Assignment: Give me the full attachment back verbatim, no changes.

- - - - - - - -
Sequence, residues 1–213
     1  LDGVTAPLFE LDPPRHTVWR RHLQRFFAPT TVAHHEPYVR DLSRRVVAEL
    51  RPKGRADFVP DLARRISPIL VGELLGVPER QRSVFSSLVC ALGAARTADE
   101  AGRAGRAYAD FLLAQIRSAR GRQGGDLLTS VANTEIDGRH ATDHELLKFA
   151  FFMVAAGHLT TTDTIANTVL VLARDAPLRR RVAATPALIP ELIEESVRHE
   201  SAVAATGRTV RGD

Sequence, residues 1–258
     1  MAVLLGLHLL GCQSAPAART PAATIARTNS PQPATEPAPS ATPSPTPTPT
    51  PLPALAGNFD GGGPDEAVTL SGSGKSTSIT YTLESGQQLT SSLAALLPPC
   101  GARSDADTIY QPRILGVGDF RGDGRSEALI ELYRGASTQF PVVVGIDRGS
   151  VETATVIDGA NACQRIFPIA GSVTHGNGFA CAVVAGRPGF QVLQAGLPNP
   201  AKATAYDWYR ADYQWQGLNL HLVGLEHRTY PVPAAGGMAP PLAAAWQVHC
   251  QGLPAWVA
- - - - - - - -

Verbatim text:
Sequence, residues 1–213
     1  LDGVTAPLFE LDPPRHTVWR RHLQRFFAPT TVAHHEPYVR DLSRRVVAEL
    51  RPKGRADFVP DLARRISPIL VGELLGVPER QRSVFSSLVC ALGAARTADE
   101  AGRAGRAYAD FLLAQIRSAR GRQGGDLLTS VANTEIDGRH ATDHELLKFA
   151  FFMVAAGHLT TTDTIANTVL VLARDAPLRR RVAATPALIP ELIEESVRHE
   201  SAVAATGRTV RGD

Sequence, residues 1–258
     1  MAVLLGLHLL GCQSAPAART PAATIARTNS PQPATEPAPS ATPSPTPTPT
    51  PLPALAGNFD GGGPDEAVTL SGSGKSTSIT YTLESGQQLT SSLAALLPPC
   101  GARSDADTIY QPRILGVGDF RGDGRSEALI ELYRGASTQF PVVVGIDRGS
   151  VETATVIDGA NACQRIFPIA GSVTHGNGFA CAVVAGRPGF QVLQAGLPNP
   201  AKATAYDWYR ADYQWQGLNL HLVGLEHRTY PVPAAGGMAP PLAAAWQVHC
   251  QGLPAWVA